Monday, October 27, 2008

The Art of Talking to Yourself

A man thinks in word-symbols, and such silent thought is equivalent to talking to himself. Sometimes when he is alone he speaks the words aloud.
But silent or aloud, his conservation with himself is creative….it makes him what he is.

More important than what others say to him is he says to himself. A man’s life is shaped by the way he habitually talks to himself.

A man can talk himself up or down, into happiness or unhappiness, into failure or success, into heaven or hell.

When he talks to himself in words of self-pity, defeat, cynicism, futility, fear, anxiety, despair, hopelessness and resignation, he tears himself apart and shatters his future.

A man can transform his life by switching the emphasis of his inner conservation to words that lift and inspire.

He can talk strength into his backbone so he will have the courage and confidence to stand up to life.

He can talk himself out of discouragement and despair by counting his many blessings.

He can talk himself into accepting hardships and handicaps and enduring them with a gallant spirit.

He can talk himself into seeing his duties and responsibilities in a new light – as opportunities and privileges.

He can talk himself about the beauty, glory and wonder of life so it will glow with a new radiance.

He can talk to himself about his dreams, hopes and aspirations. He can convince himself that there is a place for him and important work for him to do.

The way a man talks to himself has a dynamic power for self-influence. His words can make or unmake his life.

“Nobody” , wrote Cicero, “can give you wiser advice than yourself.”

Written by Wilfred Peterson in 1960.

Sunday, October 26, 2008

Friday, October 17, 2008


small Dendrobium in my garden.
I bought this plant for my mommy from e-mart.
In mommy's garden, all the orchid plants are
healthy and in blossom.

Oncidium (Dancing Lady Orchid)

Oncidium flower in my garden.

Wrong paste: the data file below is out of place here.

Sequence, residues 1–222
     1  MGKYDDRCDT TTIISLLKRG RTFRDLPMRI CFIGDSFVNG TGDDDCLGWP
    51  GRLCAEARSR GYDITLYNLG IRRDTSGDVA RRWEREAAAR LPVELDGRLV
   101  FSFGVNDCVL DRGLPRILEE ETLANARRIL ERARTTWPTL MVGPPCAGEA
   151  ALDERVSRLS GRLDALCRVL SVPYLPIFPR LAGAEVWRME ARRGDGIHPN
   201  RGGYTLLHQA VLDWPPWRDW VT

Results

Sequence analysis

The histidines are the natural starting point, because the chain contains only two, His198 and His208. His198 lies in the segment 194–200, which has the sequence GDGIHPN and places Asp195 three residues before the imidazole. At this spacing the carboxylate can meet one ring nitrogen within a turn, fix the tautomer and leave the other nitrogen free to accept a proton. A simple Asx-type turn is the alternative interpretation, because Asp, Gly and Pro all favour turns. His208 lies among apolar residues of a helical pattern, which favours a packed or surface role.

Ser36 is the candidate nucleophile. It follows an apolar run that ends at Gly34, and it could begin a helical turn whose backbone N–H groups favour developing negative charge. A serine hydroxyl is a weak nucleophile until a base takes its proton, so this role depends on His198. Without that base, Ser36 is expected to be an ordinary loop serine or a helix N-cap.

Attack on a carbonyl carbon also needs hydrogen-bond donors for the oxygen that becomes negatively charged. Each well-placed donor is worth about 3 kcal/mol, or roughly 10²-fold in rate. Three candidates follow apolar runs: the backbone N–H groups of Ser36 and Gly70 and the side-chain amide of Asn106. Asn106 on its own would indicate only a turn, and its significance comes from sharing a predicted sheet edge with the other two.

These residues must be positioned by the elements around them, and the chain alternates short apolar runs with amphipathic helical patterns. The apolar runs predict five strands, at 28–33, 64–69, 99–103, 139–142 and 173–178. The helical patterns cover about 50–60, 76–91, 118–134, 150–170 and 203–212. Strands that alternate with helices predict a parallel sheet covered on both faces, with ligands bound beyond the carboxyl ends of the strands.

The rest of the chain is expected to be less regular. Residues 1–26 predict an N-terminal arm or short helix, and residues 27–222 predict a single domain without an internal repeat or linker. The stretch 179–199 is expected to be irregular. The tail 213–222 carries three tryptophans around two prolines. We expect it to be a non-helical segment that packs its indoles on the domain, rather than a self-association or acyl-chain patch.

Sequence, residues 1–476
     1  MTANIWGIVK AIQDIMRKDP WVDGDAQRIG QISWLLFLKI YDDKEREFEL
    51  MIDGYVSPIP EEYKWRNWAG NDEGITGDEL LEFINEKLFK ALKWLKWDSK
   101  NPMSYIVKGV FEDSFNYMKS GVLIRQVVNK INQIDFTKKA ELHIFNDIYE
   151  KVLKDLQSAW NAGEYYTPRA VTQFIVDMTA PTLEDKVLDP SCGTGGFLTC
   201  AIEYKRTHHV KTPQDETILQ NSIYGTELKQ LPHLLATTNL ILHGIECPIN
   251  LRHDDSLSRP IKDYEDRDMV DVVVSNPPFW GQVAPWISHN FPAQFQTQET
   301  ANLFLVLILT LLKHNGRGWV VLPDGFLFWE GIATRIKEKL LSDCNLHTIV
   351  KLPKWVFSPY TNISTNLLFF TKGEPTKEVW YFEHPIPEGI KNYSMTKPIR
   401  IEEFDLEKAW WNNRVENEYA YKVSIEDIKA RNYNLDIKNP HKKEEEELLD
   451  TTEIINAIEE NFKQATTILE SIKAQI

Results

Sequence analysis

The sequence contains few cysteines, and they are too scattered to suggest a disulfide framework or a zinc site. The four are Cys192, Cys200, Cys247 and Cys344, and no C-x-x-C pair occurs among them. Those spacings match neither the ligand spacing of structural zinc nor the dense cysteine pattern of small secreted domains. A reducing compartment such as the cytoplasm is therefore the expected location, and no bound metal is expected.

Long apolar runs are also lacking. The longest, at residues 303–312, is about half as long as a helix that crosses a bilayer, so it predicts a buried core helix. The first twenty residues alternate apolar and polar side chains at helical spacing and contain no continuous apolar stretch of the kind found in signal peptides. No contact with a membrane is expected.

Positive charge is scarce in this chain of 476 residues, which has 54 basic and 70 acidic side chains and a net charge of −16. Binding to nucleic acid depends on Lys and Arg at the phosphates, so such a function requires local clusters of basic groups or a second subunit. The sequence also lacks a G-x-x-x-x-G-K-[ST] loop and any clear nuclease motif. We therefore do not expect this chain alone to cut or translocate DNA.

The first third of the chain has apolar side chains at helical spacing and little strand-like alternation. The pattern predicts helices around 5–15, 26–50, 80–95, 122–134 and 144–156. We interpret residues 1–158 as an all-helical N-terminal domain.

Temperature and humidity : 10 to 15 degree C.
Light in greenhouses.
40% to 50% of daylight.

Thursday, October 16, 2008

study station

This is my new work station, actually "study station".
Place for researcher.
This place is cooler than my ex-work station, because this place has
no students' assignments, no students' record files, no students' projects,
no students' reports, and no marking at all. is beautiful.

Tuesday, October 14, 2008

Full Moon Day of October (ThiDinGyut)

Today is Full Moon Day of October. We call it ThiDinGyut full moon day.
It is also know as Lights Festival.

From the book "Flowers and Festivals Round the Myanmar Year " written by
Daw Khin Myo Chit , translated by Junior Win,

Thidingyut, the seventh month of the Myanmar calendar, marks the end of lent.
Monsoon is on the way out and the skies are clearing. Sunny days are here to stay.

Illuminations are there to celebrate the anniversary of the Buddha's return from the
celestial abode where he had spent the lent teaching the gods above his law.

Streets, houses and public buildings are illuminated and festooned with coloured electric bulbs.
One feature of the festival in small towns and village is see-mee lighting ; small earthen bowls are filled with sesame oil and a piece of cotton is soaked in each bowl and lighted.

These lighted oil bowls are placed on the terraces of pagodas. The lights last longer than
candles and the little tongues of flame quivering in the breeze lend an uncanny beauty to the
scene steeped silvery moonlight. Such lights are sometimes seen on the pagodas in
Yangon city.

Thidingyut is not only a season of festivals and rejoicings, but also a time for remembering
those whom we owe respect and gratitude. The Buddha's visit to the celestial regions was
to teach the great Truth he had found through rigorous striving for many many lives, to his
own mother.
It was a gesture of gratitude, an example for all to follow.

When Buddhists do the act of kadaw (paying respect) to anyone, their parents, teachers or elders, they not only pay respects as a gesture of gratitude, but they also ask forgiveness for
any wrongful action they might have done in this life and many many lives before.

Paying respects ceremonies are organized and held in schools. Paying respects to teacher,
one of the Five Revered Ones, is still practised. Buddhists parables illustrate the good influence
of teachers on their students, even though the latter might have become ruling kings.

So, this is the spirit of Thidingyut season...paying respects to these to whom respect is due and
remembering those to whom we owe gratitude.

Sunday, October 5, 2008